Hey, don't blame me for this assessment. These standards come from the Centers for Disease Control. The same folks who are keeping us safe from Ebola.

Will your marriage be helped by introducing CDC-defined elements of sexual violence and emotional abuse?

Third, what you do during the day defines your legacy. Do you want your legacy, the things your kids and community remember, to include a tolerance for human trafficking and abusive, sexually violent relationships?

Will watching torture-for-pleasure bring you closer to your husband or wife?

Fifty Shades enshrines the "BDSM Lifestyle"; the S stands for sadism.

Yes, right, hurting someone else for one's own sexual pleasure.

Most Americans disapproved of the use of torture to extract information from terrorists, yet they'll support a film that depicts the 'empowering' of this 'lifestyle'.

No one wants to be intolerant, after all.

(And please hold the thought of "mutual consent"; the M stands for masochism. I know a lot about experiencing pain; I live with it every day.

Anyone who gets sexual satisfaction from experiencing pain needs counseling; masochism is crazy.

Will seeing this film be something you'll be proud of having as a part of what you leave behind?

So what can you do, beside not buying the book, and not seeing the film? It feels a bit like spitting into the ocean, when the book outsold the entire Harry Potter series in England.

There is a bit more you can do. At West Point, there's something called the Code of Honour.

A cadet will not lie, cheat, or steal, and will not tolerate those who do.

If you believe that human trafficking is wrong, that perverted sexual relationships should not be glamourized, and that your behaviour leaves a legacy...the path would seem to be clear.

Be intolerant. Be reactionary. Do not take the attitude of "to each his own", when faced with a friend, acquaintance...or family member...who sees nothing wrong with seeing the film, or buying the book.

Speak out. Speak harshly, and make it clear that because of the destruction this garbage causes...you won't show respect for their choice. Show them that you've got limits, and that you have principles.

Take the high ground, and hold it. You may lose a friend...or more than one...but you'll be standing up against evil.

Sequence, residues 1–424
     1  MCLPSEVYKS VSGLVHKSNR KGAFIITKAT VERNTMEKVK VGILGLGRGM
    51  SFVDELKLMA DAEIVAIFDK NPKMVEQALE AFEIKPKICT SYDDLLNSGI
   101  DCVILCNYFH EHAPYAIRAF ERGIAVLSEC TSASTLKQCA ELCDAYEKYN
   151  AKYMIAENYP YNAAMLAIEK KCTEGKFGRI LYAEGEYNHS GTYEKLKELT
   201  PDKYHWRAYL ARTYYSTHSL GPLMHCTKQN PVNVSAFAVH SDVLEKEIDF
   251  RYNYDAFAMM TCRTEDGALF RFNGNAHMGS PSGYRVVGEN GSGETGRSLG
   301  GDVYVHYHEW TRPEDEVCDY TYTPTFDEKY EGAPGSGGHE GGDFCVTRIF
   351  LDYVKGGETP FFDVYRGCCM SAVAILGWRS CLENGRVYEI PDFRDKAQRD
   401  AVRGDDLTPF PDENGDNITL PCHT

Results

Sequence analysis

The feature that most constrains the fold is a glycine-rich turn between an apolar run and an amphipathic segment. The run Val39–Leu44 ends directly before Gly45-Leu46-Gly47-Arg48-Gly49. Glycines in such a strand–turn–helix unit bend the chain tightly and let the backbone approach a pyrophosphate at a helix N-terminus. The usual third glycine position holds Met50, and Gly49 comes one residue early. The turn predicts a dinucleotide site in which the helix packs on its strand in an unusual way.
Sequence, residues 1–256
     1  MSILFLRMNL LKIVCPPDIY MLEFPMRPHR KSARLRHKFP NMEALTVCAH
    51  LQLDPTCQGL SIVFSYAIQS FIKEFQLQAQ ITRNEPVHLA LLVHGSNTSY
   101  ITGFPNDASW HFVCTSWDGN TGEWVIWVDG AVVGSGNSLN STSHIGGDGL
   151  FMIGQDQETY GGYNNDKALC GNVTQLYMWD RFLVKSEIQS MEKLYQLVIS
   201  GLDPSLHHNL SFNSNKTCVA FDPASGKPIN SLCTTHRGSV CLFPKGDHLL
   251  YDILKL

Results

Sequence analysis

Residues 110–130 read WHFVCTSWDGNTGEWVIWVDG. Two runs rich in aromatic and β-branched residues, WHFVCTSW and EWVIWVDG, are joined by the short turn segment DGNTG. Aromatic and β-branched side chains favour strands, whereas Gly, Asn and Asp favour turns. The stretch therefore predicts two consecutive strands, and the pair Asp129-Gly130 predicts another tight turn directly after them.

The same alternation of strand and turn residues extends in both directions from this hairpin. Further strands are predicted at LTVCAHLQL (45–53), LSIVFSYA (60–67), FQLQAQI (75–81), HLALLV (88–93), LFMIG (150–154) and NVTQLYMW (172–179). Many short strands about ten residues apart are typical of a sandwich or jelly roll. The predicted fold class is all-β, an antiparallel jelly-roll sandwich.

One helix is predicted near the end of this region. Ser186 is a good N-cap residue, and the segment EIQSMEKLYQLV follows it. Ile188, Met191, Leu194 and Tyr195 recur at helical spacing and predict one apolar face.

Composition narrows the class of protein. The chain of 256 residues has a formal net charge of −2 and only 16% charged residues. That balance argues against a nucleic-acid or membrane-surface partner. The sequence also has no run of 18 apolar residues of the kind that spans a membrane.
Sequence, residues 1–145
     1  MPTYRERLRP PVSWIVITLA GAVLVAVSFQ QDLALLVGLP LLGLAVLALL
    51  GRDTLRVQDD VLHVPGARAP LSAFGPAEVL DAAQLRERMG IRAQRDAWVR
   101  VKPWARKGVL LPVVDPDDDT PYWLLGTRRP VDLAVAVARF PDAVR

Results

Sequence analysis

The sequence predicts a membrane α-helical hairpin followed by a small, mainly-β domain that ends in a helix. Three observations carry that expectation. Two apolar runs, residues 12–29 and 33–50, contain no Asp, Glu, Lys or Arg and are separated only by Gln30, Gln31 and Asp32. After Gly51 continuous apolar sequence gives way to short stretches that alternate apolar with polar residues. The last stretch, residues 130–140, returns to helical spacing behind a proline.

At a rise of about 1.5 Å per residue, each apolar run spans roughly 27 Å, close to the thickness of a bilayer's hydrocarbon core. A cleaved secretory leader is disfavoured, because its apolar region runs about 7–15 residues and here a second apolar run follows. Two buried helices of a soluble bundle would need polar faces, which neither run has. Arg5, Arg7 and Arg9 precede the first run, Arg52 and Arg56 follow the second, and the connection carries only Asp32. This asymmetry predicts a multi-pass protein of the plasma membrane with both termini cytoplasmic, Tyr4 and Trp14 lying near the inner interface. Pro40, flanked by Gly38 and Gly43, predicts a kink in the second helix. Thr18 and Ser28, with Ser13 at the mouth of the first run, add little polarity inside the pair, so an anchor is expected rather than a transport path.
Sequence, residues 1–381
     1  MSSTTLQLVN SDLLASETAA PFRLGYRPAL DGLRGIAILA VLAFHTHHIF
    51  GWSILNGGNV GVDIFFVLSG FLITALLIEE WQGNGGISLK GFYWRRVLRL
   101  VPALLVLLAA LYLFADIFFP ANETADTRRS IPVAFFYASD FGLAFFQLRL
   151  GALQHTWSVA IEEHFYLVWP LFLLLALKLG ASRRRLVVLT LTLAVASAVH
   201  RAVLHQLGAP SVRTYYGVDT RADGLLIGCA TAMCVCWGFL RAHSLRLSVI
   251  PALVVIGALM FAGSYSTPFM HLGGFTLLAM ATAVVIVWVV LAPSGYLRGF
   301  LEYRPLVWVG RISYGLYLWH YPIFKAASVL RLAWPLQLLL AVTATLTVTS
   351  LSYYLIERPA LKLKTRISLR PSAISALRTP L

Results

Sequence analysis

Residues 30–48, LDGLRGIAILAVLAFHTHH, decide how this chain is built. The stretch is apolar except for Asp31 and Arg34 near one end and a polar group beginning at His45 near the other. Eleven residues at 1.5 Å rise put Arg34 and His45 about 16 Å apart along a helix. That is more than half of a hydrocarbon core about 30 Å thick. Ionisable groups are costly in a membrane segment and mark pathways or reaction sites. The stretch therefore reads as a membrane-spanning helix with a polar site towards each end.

You may not reverse the tidal wave, but you can start the undertow...of shame. And who knows how strong that may become?

We're linking to Inspire Me Monday.

If you have a moment, please visit me at my other blog, "Starting The Day With Grace".

This post is linked to Wedded Wednesday, a compendium of really cool posts on marriage. If you click on the logo below, you'll be taken to www.messymarriage.com, which is the springboard to a wealth of information. It's run by Beth Steffaniak, who has a heart for marriage and a soul for God!

Thursday, February 5, 2015

Keeping Secrets In Marriage {Five Minute Friday / The Weekend Brew}

Time for Five-Minute Friday , hosted by Kate Motaung. The challenge is to write for five minutes on a given "theme word", posted by Kate on Thursday night...and then stop when the timer dings.

We're also linking to The Weekend Brew.

Today's word is keep..


Do you keep secrets in from your husband or wife?

There are two types of secrets in marriage. Secrets of the past, and secrets of the present.

Secrets of the past are usually the shameful, humiliating, or just plain stupid things you did when you were younger...or things that were done to you.
They come from a time before you met your mate, most likely,.

Do you tell, or do you let sleeping dogs lie?

Depends. if it's something that will eventually be something your mate will have to deal with, or, like childhood sexual abuse, may affect part of your relationship, you've probably got to plan on sharing.

But other stuff...like the pack of gum you shoplifted when you were twelve...maybe not.

Think about these, when deciding.

  • You can't unsay things. Once it's out there, it's part of your relationship
  • Your spouse is not your therapist
That last word...therapist...there's the key. If you have doubt, talk to a therapist (or a pastor) first. Just tell your mate there's something bugging you, and you want to talk to a professional...believe me, most spouses don't want to be pressed into therapeutic service, and will happily drive you to the office and wait outside.

Then there are secrets of the present. Not the "I got you something for Christmas but I'm not telling you!" kind, but the "I did something horrible and I hope he/she doesn't find out!" variety.

These are the secrets that hurt.

First, stop the behaviour.

Second, therapist time.

Third, with the therapist's help (and, probably, presence)...come clean, if that's indicated.

Secrets of the past, you can sometimes keep.